When you say our basic conflict is due to the fact that our societies are linear whereas nature is cyclical, I think this is another way of saying with the existentialists that intelligent life is is opposed to nature, that our intelligence and freedom alienate us from the rest of the universe. Mystics like the Daoists think we should go with the flow and submit to nature’s ways, whereas dualists (Cartesians, humanists, and theists) think we should go our own way even if that entails conflict with the world and even if that makes us tragic heroes, at best.
The question is whether we can learn what we ought to do just by studying the natural facts. If the naturalistic fallacy has any force, that kind of reduction will be difficult. We can discover what the results would likely be if we do this or that, but that’s far from justifying the values that inspire us to go in one direction or another.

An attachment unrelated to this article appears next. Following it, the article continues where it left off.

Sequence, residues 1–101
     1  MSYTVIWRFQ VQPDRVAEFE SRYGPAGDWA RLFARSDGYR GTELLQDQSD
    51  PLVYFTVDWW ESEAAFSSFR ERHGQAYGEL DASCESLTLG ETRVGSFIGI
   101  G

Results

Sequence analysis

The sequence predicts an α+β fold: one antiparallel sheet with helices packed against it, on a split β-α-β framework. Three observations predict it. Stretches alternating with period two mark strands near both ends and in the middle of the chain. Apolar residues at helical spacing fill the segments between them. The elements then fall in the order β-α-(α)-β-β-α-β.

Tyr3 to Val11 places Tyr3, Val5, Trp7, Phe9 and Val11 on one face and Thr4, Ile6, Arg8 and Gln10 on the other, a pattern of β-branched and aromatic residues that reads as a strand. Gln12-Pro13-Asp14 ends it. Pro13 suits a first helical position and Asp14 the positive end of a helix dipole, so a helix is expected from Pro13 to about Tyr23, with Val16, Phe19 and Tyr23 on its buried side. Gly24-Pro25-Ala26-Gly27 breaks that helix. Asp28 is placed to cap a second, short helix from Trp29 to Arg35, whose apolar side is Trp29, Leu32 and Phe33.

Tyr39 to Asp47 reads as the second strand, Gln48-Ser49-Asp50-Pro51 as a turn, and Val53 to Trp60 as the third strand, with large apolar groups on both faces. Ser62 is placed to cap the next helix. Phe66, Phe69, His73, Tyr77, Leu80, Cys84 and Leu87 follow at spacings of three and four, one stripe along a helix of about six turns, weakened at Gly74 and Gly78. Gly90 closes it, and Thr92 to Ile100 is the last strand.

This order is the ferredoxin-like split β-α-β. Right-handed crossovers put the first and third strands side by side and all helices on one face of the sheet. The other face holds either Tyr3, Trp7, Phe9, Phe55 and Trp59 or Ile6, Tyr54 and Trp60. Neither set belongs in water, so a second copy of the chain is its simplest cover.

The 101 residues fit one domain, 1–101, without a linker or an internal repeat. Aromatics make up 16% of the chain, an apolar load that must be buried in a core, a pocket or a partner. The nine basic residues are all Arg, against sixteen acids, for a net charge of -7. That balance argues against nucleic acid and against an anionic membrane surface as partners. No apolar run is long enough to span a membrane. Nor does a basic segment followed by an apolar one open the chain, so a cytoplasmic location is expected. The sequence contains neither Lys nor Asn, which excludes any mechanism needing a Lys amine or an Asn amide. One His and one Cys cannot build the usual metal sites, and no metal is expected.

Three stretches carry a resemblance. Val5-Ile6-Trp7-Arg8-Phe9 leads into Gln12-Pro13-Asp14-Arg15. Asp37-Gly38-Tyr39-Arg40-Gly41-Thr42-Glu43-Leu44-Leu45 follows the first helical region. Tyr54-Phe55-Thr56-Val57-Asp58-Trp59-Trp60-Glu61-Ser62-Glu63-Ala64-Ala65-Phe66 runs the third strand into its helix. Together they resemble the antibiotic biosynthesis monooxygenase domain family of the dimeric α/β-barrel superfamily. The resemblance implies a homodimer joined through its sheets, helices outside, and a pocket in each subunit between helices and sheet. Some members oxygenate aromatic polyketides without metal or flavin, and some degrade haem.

So you say, “Good and bad are the biological binary of beneficial and detrimental.” That’s close to falling afoul of the naturalistic fallacy. Even if we learn how certain actions tend to cause pleasure or pain, that wouldn’t help us decide what type of society to prefer, since we wouldn’t yet know whether some kinds of pain are worth it and are even noble.
By the way, the article I just posted, about technological utopianism, further explores these themes of whether we can or should escape from natural patterns.